Duncan McRae House

129 South US 221 Mt Vernon, GA 30445
(912)-583-2020   -   info@DuncanMcRaeHouse.com

Duncan McRae House


But what if you’re a baby boomer who currently needs to choose an assisted living facility for yourself? What do you look for specific to your age group, personal interests, medical, therapeutic and social needs?

For the purpose of this article, an informal focus group was held, consisting of nine baby boomers who live in a multi-generational assisted living facility. This group was made up of men and women with varying socio-economic backgrounds. The purpose was to solicit the advice of these residents, based on their own experiences, to see what they would recommend to other “boomers” as they assess and choose an assisted living facility. The think tank session, which became a lively discussion, was quite enlightening.

The top of the list: Although assisted living facilities often highlight their new amenities, landscaping and beautiful buildings as their most main features, the baby boomers we talked with focused on the relationships within the building as being the most important attribute. They all agreed that it was important to live near and be connected to others in their same age group, and they all liked being with the older adults, as well. One woman commented that the friendships between the baby boomers and older adults is vital, stating, “We’re all part of the circle of life.” At the Duncan McRae House in Mt. Vernon Georgia we meet those needs.

Besides the obvious search for exceptional care, other items and suggestions for a baby boomer assisted living checklist included:

1. Social stimulation and activities to match the interests of younger adults: Check to see if there is a facilitated ‘younger adult group’ that plans their own event calendar and is also welcome to participate in activities with the entire facility. For instance, the group of baby boomers we met with appreciates that they are able to plan and go on their own outings, such as baseball games, movies, favorite restaurants, coffee shops to hear live music, etc.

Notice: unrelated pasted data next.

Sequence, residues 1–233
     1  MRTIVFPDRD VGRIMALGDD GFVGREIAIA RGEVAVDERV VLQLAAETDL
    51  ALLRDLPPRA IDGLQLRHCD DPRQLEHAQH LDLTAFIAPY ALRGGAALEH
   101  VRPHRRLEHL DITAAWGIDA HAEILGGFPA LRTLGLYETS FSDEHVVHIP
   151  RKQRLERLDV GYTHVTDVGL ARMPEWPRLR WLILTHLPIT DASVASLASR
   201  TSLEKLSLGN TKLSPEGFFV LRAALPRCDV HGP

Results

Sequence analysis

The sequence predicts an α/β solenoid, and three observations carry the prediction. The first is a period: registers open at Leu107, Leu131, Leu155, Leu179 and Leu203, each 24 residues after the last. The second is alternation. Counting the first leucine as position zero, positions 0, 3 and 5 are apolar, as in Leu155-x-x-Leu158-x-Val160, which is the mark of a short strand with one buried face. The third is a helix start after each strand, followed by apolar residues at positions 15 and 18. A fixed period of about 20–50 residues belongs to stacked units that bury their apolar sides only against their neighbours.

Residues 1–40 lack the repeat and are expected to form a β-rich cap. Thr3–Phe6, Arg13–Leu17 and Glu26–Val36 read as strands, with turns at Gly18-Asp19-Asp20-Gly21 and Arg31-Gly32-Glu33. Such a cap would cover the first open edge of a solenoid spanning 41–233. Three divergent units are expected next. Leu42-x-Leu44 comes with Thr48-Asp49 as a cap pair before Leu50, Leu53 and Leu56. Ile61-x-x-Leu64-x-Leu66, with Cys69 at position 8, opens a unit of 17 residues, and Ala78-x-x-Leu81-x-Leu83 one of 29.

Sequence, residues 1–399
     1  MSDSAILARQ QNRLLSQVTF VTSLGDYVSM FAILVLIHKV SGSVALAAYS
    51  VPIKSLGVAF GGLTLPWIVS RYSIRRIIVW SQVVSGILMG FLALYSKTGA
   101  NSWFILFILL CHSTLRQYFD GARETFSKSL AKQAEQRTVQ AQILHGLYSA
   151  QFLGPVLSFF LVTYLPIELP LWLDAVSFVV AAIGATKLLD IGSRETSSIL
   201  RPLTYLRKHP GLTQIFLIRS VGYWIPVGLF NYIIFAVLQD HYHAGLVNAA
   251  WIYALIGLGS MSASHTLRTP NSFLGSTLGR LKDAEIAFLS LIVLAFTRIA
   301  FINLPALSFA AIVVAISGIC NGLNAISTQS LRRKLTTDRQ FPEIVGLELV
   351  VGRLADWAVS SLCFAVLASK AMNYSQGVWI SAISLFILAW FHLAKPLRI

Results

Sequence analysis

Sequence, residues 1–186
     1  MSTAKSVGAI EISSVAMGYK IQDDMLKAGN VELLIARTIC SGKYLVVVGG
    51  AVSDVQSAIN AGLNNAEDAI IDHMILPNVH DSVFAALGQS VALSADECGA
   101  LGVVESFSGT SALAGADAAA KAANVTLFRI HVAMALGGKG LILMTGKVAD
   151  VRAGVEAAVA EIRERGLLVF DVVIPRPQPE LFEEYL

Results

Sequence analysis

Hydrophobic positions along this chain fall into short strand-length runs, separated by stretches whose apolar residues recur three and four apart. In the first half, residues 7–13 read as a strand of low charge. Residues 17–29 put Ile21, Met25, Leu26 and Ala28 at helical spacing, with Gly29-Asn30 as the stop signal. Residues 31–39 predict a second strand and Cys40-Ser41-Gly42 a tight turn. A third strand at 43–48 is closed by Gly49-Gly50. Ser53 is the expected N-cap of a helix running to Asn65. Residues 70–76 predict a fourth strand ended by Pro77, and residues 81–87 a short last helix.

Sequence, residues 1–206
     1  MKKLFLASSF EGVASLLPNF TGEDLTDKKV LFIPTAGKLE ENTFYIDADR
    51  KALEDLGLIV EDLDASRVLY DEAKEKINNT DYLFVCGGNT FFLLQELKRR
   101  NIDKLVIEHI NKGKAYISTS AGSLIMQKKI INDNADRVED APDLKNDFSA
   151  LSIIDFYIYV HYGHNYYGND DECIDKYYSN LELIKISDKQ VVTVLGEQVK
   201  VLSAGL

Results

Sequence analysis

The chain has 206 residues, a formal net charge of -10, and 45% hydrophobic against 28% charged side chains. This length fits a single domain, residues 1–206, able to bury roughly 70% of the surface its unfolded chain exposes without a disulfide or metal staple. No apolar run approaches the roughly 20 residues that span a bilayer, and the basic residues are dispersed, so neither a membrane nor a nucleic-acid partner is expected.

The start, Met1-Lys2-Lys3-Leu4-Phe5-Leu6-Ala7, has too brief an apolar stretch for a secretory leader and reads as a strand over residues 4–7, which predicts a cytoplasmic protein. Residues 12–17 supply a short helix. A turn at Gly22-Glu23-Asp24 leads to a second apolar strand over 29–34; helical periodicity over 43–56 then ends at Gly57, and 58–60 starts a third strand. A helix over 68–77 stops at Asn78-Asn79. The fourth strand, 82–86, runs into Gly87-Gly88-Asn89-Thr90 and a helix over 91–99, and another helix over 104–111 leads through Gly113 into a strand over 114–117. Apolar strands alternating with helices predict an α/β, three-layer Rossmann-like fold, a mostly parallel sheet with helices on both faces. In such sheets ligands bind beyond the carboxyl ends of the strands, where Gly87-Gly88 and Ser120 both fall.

2. A facility with residents who truly care and “watch out for each other.” While touring assisted living facilities, the group recommended talking, meeting and possibly eating with the residents to get a feel for the ‘caring culture’ of the facility. Be sure it is inclusive.

3. In addition, look for a facility with its own handicapped accessible bus or transportation for the facilities external activities.

4. A comfortable, home-like, environment like at the Duncan McRae House is very important. For instance, this group enjoys watching Netflix movies within their facility. It’s not unusual for them to spontaneously gather together to host impromptu “movie nights” to enjoy the latest films.

5. Mental/intellectual inspiration: Everyone agreed on the importance of a library with computer access, training and Internet service.

6. Physical stimulation: If appropriate, look for a facility that has on-site exercise equipment with individualized instruction. Consider a facility with aquatic therapy.

7. Medical expertise and resources: The ability to participate in medical research studies, support groups and/or physical, occupational and speech therapies on-site, if needed. Several of the baby boomers (such as the stroke survivors) have exceeded healing expectations due to the ability to easily access medical programs and the aforementioned therapies for their healing and well-being.

8. Meals: If possible, join residents for a meal. In addition to nutritious meals with options for special diets, this group appreciated the fact that carry-out food is available.

9. Spiritual stimulation: Most of the baby boomers mentioned that they appreciate having a Chapel on-site or transportation to Church Services.

This entry was posted on Saturday, November 19th, 2011 at 8:39 pm and is filed under assisted living. You can leave a comment and follow any responses to this entry through the RSS 2.0 feed.

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